Are the Jan 6th Convictions a Test-Case for Repressing the Left?

The novel legal logic used to prosecute the Proud Boys could be employed against antifascist protesters as well. So what is the alternative for those fighting for accountability for the insurrection?

Are the Jan 6th Convictions a Test-Case for Repressing the Left?

Schadenfreude is a German word that describes the absolute joy we feel in the misfortune of our enemies. Because we now experience news primarily through social media, which invites us to comment on breaking stories, we are even more likely to celebrate when some particularly unsavory character gets their comeuppance. This “active spectatorship” was especially true as the Jan. 6 investigations played out, where many Americans experienced waves of schadenfreude as the same right-wing activists who hurt so many with impunity for so long seemed like they might, finally, face consequences.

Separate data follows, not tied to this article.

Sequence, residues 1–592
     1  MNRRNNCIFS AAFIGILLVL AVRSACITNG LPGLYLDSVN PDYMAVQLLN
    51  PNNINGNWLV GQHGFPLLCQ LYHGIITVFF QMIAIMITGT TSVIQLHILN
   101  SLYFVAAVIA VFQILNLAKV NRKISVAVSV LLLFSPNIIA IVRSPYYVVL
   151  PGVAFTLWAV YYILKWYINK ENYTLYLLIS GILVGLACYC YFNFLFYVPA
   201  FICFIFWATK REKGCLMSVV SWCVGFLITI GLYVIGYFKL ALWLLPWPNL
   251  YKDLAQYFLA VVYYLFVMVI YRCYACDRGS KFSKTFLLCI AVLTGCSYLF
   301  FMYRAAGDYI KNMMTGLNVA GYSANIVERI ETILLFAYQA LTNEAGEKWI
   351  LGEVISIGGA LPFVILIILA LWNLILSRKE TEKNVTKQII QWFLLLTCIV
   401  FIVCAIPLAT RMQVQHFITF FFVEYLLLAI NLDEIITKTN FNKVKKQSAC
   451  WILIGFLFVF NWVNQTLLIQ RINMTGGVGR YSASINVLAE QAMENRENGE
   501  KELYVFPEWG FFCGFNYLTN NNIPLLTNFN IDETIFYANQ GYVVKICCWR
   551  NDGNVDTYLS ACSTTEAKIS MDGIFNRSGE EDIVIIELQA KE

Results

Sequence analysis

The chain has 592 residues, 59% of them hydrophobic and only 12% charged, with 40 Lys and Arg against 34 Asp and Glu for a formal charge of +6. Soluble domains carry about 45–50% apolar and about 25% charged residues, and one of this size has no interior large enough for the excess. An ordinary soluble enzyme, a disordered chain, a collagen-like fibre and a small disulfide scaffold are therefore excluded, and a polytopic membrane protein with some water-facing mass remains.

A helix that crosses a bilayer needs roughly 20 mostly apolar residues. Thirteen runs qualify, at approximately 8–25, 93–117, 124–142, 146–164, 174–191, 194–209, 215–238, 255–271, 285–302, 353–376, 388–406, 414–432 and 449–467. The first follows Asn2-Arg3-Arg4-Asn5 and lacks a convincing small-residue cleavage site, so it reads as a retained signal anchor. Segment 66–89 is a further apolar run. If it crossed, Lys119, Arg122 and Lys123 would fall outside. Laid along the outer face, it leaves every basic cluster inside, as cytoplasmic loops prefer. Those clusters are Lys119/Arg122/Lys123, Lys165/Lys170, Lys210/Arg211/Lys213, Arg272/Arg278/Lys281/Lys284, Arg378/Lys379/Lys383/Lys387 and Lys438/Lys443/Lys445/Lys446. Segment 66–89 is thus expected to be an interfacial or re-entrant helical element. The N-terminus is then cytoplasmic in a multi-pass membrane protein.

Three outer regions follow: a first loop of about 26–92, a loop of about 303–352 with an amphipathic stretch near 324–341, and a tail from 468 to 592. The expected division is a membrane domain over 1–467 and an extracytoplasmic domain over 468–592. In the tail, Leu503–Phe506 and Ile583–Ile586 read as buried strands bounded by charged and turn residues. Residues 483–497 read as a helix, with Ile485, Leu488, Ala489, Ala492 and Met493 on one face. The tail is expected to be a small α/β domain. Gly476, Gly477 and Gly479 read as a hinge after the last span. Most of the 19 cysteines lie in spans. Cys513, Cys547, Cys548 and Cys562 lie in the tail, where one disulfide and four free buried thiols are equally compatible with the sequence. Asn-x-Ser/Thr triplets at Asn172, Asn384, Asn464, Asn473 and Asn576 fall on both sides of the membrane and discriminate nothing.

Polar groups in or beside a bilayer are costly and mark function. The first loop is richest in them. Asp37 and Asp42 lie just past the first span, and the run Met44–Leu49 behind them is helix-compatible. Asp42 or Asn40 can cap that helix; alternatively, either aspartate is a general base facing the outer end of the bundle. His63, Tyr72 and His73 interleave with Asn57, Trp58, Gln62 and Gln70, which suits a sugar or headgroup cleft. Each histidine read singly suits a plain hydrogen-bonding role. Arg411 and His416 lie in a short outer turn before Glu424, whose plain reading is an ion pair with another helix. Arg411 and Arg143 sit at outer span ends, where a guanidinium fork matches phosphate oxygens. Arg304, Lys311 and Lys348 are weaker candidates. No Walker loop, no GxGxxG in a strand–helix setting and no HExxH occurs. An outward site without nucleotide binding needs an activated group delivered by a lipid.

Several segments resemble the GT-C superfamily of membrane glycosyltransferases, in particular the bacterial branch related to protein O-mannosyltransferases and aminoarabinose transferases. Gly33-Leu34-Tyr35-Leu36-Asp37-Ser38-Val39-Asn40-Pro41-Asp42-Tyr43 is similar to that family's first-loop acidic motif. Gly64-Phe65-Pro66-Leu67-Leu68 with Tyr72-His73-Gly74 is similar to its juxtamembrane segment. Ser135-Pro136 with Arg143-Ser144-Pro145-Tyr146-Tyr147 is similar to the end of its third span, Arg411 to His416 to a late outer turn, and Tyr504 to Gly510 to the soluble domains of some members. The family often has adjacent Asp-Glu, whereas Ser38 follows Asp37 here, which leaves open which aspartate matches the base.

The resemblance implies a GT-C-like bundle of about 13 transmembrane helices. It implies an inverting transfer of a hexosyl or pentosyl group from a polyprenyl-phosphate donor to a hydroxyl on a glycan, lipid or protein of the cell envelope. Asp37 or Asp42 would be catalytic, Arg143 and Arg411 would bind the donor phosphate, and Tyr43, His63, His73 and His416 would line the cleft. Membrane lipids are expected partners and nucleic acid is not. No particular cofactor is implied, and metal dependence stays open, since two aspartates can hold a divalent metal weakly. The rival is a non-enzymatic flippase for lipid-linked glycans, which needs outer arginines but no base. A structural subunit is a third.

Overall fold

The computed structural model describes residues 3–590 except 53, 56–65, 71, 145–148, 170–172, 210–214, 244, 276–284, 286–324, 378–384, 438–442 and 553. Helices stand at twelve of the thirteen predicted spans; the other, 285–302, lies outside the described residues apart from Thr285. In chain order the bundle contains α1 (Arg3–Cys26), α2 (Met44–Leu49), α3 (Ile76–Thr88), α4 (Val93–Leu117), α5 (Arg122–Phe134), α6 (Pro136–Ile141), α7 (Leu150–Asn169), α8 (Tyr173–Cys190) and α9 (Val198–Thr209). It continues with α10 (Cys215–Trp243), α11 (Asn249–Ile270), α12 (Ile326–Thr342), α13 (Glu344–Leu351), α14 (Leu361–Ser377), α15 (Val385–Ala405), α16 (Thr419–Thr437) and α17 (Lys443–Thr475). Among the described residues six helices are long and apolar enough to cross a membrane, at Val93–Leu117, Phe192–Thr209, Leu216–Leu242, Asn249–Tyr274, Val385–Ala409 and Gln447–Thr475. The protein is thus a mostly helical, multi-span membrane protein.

First, on Nov. 29, the Oath Keepers leadership, including its founder, Stewart Rhodes, were convicted for their role on Jan. 6, particularly for preparing for what sounded like an armed coup. More recently, members of the Proud Boys, including their leader Enrique Tarrio, were also convicted, this time for participating in the coup-conspiracy in a way that is several steps removed from the active role that the Oath Keepers took.

It is clear that these far-right activists have not faced consequences and state repression at the level that antifascists and protesters of marginalized backgrounds have. This is on display anytime antifascist demonstrators are assaulted with tear gas while their Proud Boy opponents are escorted by law enforcement to their cars. This is why so many are celebrating the recent slate of convictions against the Proud Boys and others.

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